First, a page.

How a Portland doctor helps survivors of torture put their lives back together.


By Chris Lydgate

One afternoon in December 2000, a civil servant we'll call Samuel Kapanga stepped out of his government office in Kinshasa, the capital of the Democratic Republic of the Congo, and walked to a phone station to call his parents.

Congo was then, as now, in a state of war. Government forces controlled the western part of the country, including Kinshasa. Rebels dominated the east.

As he was talking to his parents, Samuel was arrested by agents of the security agency DEMIAP—the Military Police for the Detection of Unpatriotic Activities. The charge? Samuel's parents lived in the eastern town of Bukavu, and civil servants were forbidden to communicate with anyone in rebel territory. He was found guilty and held in solitary confinement.

On Jan. 16, 2001, while Samuel was behind bars, President Laurent Kabila was shot dead by one of his own bodyguards.

Kabila's assassination was very, very bad news for Samuel.

The alleged killer, Rashidi Kasereka, was an acquaintance of Samuel's. DEMIAP decided Samuel must have been involved in the murder plot. They already had him in their custody. All they needed now was a confession.

Last week, Amnesty International issued its annual report on human rights around the globe. The conclusions are grim. Torture is on the rise on every continent, and the United Nations seems powerless to stop it.

"There is strong evidence that the global security agenda pursued since 11 September 2001, the US-led 'war on terror,' and the USA's selective disregard for international law encouraged and fuelled abuses by governments and others in all regions of the world," the report states.

Regardless of where you place the ultimate blame—on religious fanatics, American arrogance, Communist dictatorships or tinpot tyrants—the Amnesty report details a catalog of horror. The list starts with Guantánamo and Abu Ghraib and continues through Darfur, Chechnya, Haiti, Palestine, Cote d'Ivoire, Colombia and the Republic of the Congo—and those are just the countries where torture was reported last year.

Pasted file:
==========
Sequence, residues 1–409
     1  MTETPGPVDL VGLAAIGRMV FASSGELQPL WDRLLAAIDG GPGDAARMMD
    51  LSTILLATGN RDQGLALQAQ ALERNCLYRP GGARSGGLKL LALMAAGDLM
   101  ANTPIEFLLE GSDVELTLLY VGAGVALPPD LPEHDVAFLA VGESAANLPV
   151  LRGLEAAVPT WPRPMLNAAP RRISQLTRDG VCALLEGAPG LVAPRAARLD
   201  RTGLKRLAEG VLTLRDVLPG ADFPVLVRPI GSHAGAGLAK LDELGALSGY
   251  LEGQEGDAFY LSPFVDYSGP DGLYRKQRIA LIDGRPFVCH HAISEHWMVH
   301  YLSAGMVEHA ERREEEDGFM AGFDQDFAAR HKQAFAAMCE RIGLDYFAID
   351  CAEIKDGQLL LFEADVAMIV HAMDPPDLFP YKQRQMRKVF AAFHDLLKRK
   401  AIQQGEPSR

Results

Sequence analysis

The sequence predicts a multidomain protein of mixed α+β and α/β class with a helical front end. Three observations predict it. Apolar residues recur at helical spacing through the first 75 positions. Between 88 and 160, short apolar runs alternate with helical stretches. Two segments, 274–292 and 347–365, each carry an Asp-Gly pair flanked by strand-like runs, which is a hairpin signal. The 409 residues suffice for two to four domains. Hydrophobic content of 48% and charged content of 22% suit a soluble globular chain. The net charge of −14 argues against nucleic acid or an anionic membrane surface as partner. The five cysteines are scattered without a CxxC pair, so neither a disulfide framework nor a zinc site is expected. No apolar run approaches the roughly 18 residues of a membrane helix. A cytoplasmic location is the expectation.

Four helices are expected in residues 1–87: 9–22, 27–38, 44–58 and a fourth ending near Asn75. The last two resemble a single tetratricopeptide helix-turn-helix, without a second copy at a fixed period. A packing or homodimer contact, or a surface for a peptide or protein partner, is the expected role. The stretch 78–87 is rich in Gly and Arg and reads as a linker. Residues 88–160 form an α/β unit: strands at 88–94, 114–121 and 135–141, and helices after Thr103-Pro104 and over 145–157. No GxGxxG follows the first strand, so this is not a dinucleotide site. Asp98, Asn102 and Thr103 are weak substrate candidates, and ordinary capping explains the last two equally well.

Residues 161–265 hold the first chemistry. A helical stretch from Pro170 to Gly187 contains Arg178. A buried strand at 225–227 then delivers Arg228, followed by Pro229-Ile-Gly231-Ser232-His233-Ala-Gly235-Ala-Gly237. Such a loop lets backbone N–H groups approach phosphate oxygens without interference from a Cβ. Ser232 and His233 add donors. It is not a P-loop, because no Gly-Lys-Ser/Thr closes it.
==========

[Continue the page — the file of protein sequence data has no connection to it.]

Torture has, in fact, become so widespread that it has spawned a gruesome new psychiatric specialty—the treatment of torture victims. There are no fewer than 30 clinics across the nation that specialize in treating survivors, and one of the biggest sits on a hill overlooking one of the least tortured cities in the world: Portland, Oregon.

Deep inside a maze of heavy doors and twisting staircases at Oregon Health & Science University sits an institution that represents both what's good and what's awful about the world we live in. Launched in 2000, the Torture Treatment Center of Oregon and its related clinics employ a couple dozen psychiatrists and counselors who treat more than 750 patients. Most of those patients don't travel to Portland for treatment—they already live here. They include Vietnamese, Cambodians, Laotians, Ethiopians, Sudanese, Iranians, Iraqis, Afghans, Bosnians—the list gets longer every day.

On a recent afternoon, the waiting room bubbled with the staccato syllables of Vietnamese and the soft diphthongs of Khmer. Men in leather jackets idly thumbed through dog-eared magazines on home decor. If you stumbled in by accident, you might think you were in a dentist's office.